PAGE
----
The defection and subsequent political manoeuvring of the Tlass Clan, to place themselves in a powerful position to succeed the Assad regime, highlights not only the way in which the previous regime was seen to operate on the ground but also points to a potential future for Syria in which little has really changed, where the various interest groups are each bought off through a complex system of patronage.

Would a post war Tlass lead Syria really be so different from the prewar one?

It is quite possible to see a scenario where Assad falls and a revolutionary government emerges, possibly democratically, but where only the senior figures actually change. Such a scenario might protect Syria from some of the worst effects of war, suffered, for example in Iraq, but it would do so by leaving most of the low and intermediate system of government in place.

There is of course another, possibility. In the aftermath of the popular uprising against the Shah of Iran, the Islamic revolution that emerged, proceeded to execute huge numbers of junior officials, often in a retributive manner, as long-held grievances were recounted before incriminated men, whose source of power had evaporated from above them.

The Shah’s regime had been a brutal one, and most of these junior functionaries, whose patronage had allowed them often cruel summary powers were swiftly dispatched to grim fates.

Of course, the Modern Iranian Islamic Republic has a real vested interest in maintaining the existing system in Syria, with Assad at its helm. Such a scenario would secure Syrian and Iraq firmly within the Iranian Sphere of influence, while the fall of Assad, might release the ambitions of Sunni’s and Kurds in Iraq to once again defy the Majority Shia government.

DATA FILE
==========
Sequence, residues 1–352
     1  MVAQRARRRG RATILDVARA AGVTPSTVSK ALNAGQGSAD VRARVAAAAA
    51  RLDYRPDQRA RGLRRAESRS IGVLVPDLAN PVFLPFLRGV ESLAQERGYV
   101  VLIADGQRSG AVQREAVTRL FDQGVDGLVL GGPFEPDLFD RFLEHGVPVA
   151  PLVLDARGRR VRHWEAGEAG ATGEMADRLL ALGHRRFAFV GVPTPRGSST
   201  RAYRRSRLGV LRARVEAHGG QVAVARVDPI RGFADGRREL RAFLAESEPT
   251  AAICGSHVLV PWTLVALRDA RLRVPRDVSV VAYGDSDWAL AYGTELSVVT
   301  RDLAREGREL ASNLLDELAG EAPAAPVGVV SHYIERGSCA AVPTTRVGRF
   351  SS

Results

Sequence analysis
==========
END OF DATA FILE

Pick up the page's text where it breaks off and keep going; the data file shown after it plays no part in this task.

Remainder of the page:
Such an end to the conflict would serve to empower the Turks and Saudi’s regionally, and reverse the power of Iran, at least temporarily. Paradoxically, such a reverse may focus the Iranian efforts to develop a viable Nuclear weapon, after all.

In my next post, I intend to explore the complex geopolitical web currently centred on Syria and how the politics and foreign policy of countries as seemingly uninvolved as China are affected.

But it should not be forgotten that whatever type of Syria emerges from the conflict and whoever ends up as its titular Head of State, it is ultimately those who fought and their families who will be required to make sense of the system of government which follows.

Moreover, the large confederacy of interest groups (some sponsored by individual powers and others not) which make up the Free Syrian Army, are likely to have very different ideas as to what the future make-up of the country and its system of government should be.

The fear is that the recriminations and disappointments which follow this conflict, might well fan the flames of the next.